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A formation of U.S. Air Force Fairchild C-119 transport planes, known as Flying Boxcars, fly over Korea in 1952.
A formation of U.S. Air Force Fairchild C-119 transport planes, known as Flying Boxcars, fly over Korea in 1952. (U.S. Air Force)

WASHINGTON (Tribune News Service) — Two Muskegon County, Mich., men were among 19 service members killed during a 1952 training mission in Alaska when their C-119 transport aircraft crashed into Mount Silverthrone at an elevation of roughly 12,000 feet.

Nearly seventy years later, their remains have never been recovered, though the wreckage of the flight, known by the call sign Gamble Chalk 1, was found five years ago on the Eldridge Glacier in what is now Denali National Park and Preserve.

U.S. Rep. Bill Huizenga, a Republican who represents Muskegon in Congress, is pressuring the Air Force to take action in an effort to bring closure to family members who never got to bury their loved ones — Army Cpl. Gail Daugherty of Muskegon and Pfc. Raymond Housler of Ravenna.

They say they “just want resolution to this before the rest of us are gone,” said Huizenga, who is from Holland. “It really is about healing and just having some finality to it and knowing that their brother’s not just on a mountainside in Alaska.”

Huizenga has proposed an amendment to the annual defense policy bill that will be debated this coming week by the House Rules Committee.

It would require the Air Force to provide a written report with a status update on recovery operations for the C-119 “Flying Boxcar” crash on Mount Silverthrone, as well as detailed plans for recovery, a timeline for such an operation, and the rationale for any past operations that were delayed or cancelled.

The Air Force did not comment Friday on any planned or past recovery efforts related to the crash. Huizenga said the official response to his office has been that such an operation would be too dangerous, and that the agency don’t have the resources for it.

“I was kicking this pretty high up into the Air Force to get some attention on this, and it just felt like they were not putting forth the maximum effort that I thought they should be to help these families,” he said.

Gamble Chalk 1 crashed in November 1952 during the Korean War. The flight was a cold weather training mission in the Alaska mountains known as Warm Wind, with an Air Force crew of five and 14 Army men as passengers.

Charles Daugherty was 10 years old when officers came to the family home in Muskegon in the middle of the night to say his older brother, Gail, was missing.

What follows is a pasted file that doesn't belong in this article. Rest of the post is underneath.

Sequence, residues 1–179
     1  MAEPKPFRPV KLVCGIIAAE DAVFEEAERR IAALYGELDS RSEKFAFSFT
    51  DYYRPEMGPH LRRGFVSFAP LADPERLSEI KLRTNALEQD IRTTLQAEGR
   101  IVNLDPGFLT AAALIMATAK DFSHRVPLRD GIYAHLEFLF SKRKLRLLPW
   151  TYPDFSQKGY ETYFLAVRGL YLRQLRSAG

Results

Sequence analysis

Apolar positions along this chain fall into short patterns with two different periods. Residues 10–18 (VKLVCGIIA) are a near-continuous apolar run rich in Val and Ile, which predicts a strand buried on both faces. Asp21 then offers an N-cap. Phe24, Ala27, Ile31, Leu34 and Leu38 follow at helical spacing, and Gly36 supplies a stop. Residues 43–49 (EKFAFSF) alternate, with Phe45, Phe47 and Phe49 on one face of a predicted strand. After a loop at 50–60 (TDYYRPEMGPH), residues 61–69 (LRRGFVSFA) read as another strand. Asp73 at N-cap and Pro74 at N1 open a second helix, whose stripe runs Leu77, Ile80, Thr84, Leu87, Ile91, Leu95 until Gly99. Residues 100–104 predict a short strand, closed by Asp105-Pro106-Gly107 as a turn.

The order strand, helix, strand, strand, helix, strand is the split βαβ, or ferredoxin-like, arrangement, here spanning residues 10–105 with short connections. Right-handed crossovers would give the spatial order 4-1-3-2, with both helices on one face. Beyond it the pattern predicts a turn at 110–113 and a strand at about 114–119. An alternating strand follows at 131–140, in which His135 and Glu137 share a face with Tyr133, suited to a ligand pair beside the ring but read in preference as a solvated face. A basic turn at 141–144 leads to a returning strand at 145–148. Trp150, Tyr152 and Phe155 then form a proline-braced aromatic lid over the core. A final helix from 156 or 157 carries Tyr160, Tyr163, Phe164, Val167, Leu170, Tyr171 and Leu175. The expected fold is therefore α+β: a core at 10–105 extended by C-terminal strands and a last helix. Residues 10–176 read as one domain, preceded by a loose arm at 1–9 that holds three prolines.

“My parents assumed right away that he was already passed away,” said Daugherty, now 79.

He’s supportive of Huizenga’s measure after “years and years that we’ve been trying to get this going,” he said.

“It’s always ‘next year, next year, next year,’” he said of the Air Force. “And nothing happens.”

The Rev. Leo Blasi, 58, of Plainville, Kan., is a former Army helicopter pilot whose uncle Daniel Blasi was among those who died in the accident. Blasi has worked for about 20 years toward trying to locate the crash site and push for recovery of his uncle’s remains.

The military initially delayed the recovery operation in 1952 due to equipment and budgetary problems related to the terrain and elevation of the crash, Blasi said.

Part of the challenge of recovery, he said, is the weather in Alaska. There’s only about six weeks of the year when it’s possible to travel to the glacier and find the debris field clear of snow and ice, he said.

“In September, the snow starts to cover it back up, and the Air Force says, well, they can’t remove that snow because that disturbs the natural aspect of the park,” Blasi said.

Over the years, he’s received conflicting messages from the Air Force and the National Park Service on this point. The Air Force has cited the policy of the Park Service not to disturb park lands, while the Park Service says that, at times, it allows exceptions to that rule.

“If you’ve ever had a service member lost, you know the importance of being able to bring them back and being able to do a proper burial for them,” said Blasi, who served in Kuwait and is now a Catholic priest.

“And as a country, we’ve always placed great value on that. The issue is ... the Air Force has written this off as an operational loss. To them, it has no value. Well, to the families, it has immense value.”

Blasi worked with a retired geologist, Michael Rocereta, who used his knowledge of glacial movements to discover the debris field in 2016 on top of the Eldridge Glacier, below the crash site

“That really opened my eyes to the possibility that we could actually be able to recover whatever parts of the airplane that are possible and, most importantly, any human remains that would be up there,” Blasi said. “That’s the reason I never let go. Because I realize that possibility is there.”

That and a commitment to his father, Frank, who passed away in 2018 and who was close to his brother Daniel. Among the 17 siblings in their family, they were closest in age.

“Dad had always talked to me about Daniel and how much they missed him,” Blasi said.

“He would have loved to have had an opportunity to have spent time with Daniel as an adult. That has always sat in the back of my mind.”

(c)2021 The Detroit News

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